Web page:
“I knew he was a tough kid, stocky and strong,” Weaver said. “I just knew I had to wrestle my match and do what I do on top.”
The senior will try to become Sultan’s first two-time state champion Saturday, beginning with a quarterfinal match against Logan Patrick of Naches Valley.
“It’s a super tough weight class,” said Sultan coach Garth MacDicken. “There’s a lot of great kids in it. Tomorrow’s matches are going to be really good.”
Top-flight girls handle business
Nearly all of the highly ranked local wrestlers advanced to the quarterfinals of the girls tournament at the Mat Classic.
Returning state champion Kiley Hubby of Lake Stevens pinned her way to the quarterfinals of the 170-pound bracket and will face Burlington-Edison’s Emma Fleury, ranked fifth, on Saturday.
Stanwood’s Chanel Siva, a junior ranked third at 235 pounds by Washington Wrestling Report, also pinned her first two opponents to setup quarterfinal match with Arlington’s Alyson Ellingson.
Siva placed fifth in 2018.
“She’s wrestling good,” said Stanwood girls head coach Todd Freeman. “She stays in good, solid position. She doesn’t give up any cheap points usually. She’s a smaller heavyweight, obviously, so she knows that if she gets under their weight she’ll get in trouble. So she’s really good about moving and shoots a lot.”
Kamiak’s Diana Cantini, a junior who placed seventh at 105 pounds in 2018, cruised through two victories in the 110-pound bracket to setup a quarterfinal match against Cora Orton of Sedro-Woolley.
Cantini is hoping for a top-five finish this year.
“I feel pretty strong,” Cantini said. “I’ve been eating, lifting and running hard. If you train hard enough, you’ll be able to compete with your weight class.”
Carmen Degregg of Everett, a senior and returning state placer, also advanced to the quarterfinals at 110 pounds and will face Rogers’ top-ranked Salyna Shotwell,
Other local girls to reach the quarterfinals include Vivian Potong of Arlington (105 pounds), Snohomish’s Mikayla Jardine (105), Tailer Cochran of Arlington (120), Lakewood’s Cassidy O’Hara (125), Holly Butler of Snohomish (135), Charlotte Torio of Edmonds-Woodway (145), Stanwood’s Autumn Ortega (155), and Alycia Pidgeon of Snohomish (170).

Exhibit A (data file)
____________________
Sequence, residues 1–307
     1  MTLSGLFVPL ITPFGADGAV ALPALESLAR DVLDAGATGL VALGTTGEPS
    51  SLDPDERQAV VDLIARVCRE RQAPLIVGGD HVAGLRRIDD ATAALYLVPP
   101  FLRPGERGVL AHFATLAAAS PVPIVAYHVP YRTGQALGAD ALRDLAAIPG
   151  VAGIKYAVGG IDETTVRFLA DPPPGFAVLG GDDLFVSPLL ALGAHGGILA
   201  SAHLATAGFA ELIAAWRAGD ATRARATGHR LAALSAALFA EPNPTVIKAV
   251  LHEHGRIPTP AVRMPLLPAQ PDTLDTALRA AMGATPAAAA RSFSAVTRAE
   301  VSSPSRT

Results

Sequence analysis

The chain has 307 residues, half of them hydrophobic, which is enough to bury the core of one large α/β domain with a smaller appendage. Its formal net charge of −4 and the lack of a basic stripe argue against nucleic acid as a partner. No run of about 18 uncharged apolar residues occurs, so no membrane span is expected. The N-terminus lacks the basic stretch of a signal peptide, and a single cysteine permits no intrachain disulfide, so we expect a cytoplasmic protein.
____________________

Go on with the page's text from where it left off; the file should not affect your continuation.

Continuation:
In one of the bigger upsets of the girls tournament, Edmonds-Woodway’s Vatoria Keyes, ranked second at 235, was pinned by top-ranked Jasmin Fryer of West Valley (Spokane) in the second round of matches.
Early team scores
Edmonds-Woodway sits in third place in the race for the 3A team title with 75 points, behind first-place Mount Spokane (84) and Yelm (82). The Warriors will have nine wrestlers in Saturday morning’s quarterfinal round.
Marysville Pilchuck also cracked the top 10 with 43 points, tying with Peninsula for ninth.
Darrington is ninth in the 2B/1B standings with 40 points, well behind first-place Tonasket (102).
Everett’s girls are sixth with 37 points, trailing first-place Sunnyside, which amassed 46.5 Friday. Stanwood is in a four-way tie for seventh.
In this year’s revamped format, the Friday team scores are less revealing than in a typical year, with quarterfinal matches still to come Saturday morning.
There are plenty of team points still on the table, and things can shift dramatically on Saturday.
News and notes
Lake Stevens senior 182-pounder Isaac Gust showed no signs of any lingering effects of the torn meniscus that forced him to miss most of the regular season, dominating in two wins Friday. Gust was injured at a preseason national tournament in Iowa, had surgery in the fall, and didn’t return until the Vikings’ Jan. 11 dual against Glacier Peak…Cedarcrest sophomore 170-pounder Matthew Weinert, who placed fourth at state last season as a freshman, did not make weight at sub-regionals and thus did not compete Friday. “I was just as shocked as anyone else,” Red Wolves coach Mark Ward said…Marysville Getchell 138-pounder Trey Padgett, who is a celebrated fashion designer alongside his exploits on the mat, said that the Chargers coaching staff would be wearing handmade hoodies he designed during Saturday’s tournament action.
— Herald writer Evan Thompson contributed to this report